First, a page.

Now let me tell you about my adventures yesterday! My trip to market was packed with excitement and to be honest, I'm already looking forward to going back for more bread next weekend! :) Sadrac and Wicky (who work as translators for the mission and are involved in the church) have become good friends of mine over the past couple of months. Because it's not safe for me to go off of the mission alone, they have become my 'escorts' and we've had some great times going out for Haitian food and teaching each other our respective languages (it's a good deal - they teach me Creole and I help them polish up their English!). So yesterday afternoon we headed out to the Cabaret market by tap-tap, which is the Haitian version of a taxi. It's a small pickup with bench seats that line either side of the truckbed and to get a ride, you climb into the back of it and jam yourself in like a sardine... the average adult capacity is 15, but I've been in one with over 20 people! If you didn't guess already, in Haiti the adventure begins before you even reach your destination!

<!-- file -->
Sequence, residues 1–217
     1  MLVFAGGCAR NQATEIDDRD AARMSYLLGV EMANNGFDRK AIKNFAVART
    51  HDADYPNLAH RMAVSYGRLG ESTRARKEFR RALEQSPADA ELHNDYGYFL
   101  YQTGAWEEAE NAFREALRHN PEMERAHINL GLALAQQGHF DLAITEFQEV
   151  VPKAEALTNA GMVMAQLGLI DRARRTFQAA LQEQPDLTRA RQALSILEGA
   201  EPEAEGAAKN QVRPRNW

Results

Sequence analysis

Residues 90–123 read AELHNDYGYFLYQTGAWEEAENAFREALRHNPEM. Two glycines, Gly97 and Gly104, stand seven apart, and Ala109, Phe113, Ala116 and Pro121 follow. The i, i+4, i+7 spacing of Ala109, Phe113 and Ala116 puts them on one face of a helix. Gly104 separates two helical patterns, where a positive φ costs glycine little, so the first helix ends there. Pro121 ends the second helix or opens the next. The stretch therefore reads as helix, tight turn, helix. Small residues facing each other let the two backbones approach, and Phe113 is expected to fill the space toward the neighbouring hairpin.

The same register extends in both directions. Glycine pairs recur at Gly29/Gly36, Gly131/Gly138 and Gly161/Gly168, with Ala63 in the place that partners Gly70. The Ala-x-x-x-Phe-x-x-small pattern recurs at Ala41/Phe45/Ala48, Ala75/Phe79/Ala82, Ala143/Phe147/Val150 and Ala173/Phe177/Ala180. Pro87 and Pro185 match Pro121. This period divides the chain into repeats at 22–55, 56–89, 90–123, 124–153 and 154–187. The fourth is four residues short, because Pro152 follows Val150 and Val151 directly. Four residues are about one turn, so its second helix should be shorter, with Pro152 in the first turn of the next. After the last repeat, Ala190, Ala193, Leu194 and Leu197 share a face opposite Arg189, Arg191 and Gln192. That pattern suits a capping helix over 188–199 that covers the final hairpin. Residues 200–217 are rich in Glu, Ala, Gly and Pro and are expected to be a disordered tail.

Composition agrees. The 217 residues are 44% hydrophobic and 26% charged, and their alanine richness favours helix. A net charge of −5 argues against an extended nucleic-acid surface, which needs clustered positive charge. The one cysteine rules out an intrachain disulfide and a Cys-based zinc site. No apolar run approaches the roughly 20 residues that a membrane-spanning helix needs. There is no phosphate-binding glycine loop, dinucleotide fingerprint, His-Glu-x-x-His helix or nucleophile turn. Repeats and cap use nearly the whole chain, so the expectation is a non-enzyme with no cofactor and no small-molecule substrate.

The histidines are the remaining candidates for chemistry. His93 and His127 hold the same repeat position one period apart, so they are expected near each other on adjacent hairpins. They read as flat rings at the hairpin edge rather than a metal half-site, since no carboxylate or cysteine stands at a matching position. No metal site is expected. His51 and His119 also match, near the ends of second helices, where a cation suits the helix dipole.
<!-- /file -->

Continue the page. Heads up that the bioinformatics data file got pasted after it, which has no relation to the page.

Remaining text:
So we took the tap tap to Cabaret and first got fueled up with some delicious Haitian food before embarking out into the BUSY market to find bread. It's kind of hard to explain market day, and I don't have pictures since it's not good to have a camera out in the crowds, but I'll do my best... Picture a huge open field (in Haiti there is no grass, just dirt), and hundreds and hundreds of people. There's no real organization or strategy that I am aware of to how vendor's choose their location. I think it's pretty much first come, first serve. Across the entire field and sides of the main street, hundreds of little tarps and bed sheets are held up by sticks in the dirt, and the bread, meat, clothes, kitchen pots, fruit, shoes, and whatever else you might like is sold underneath. Based on this slightly chaotic setup, when you go to the market, it's not just a good price you have to work for, it's literally FINDING what you are looking for. Fortunately, the guys are both quite familiar with the market and navigating through it, so we made out very well! We ended up purchasing about 12 large flatbread-type loaves (nothing that I can really compare with in Ontario, sorry), which Teagan and I divided into 250 pieces (about the size of your fist) all for about $7 American! So needless to say, it wasn't too much of a loss for us not to be able to give out the bread in kids church today. We'll just buy more next week, and as a result of the mix-up, hopefully some village families got their fill!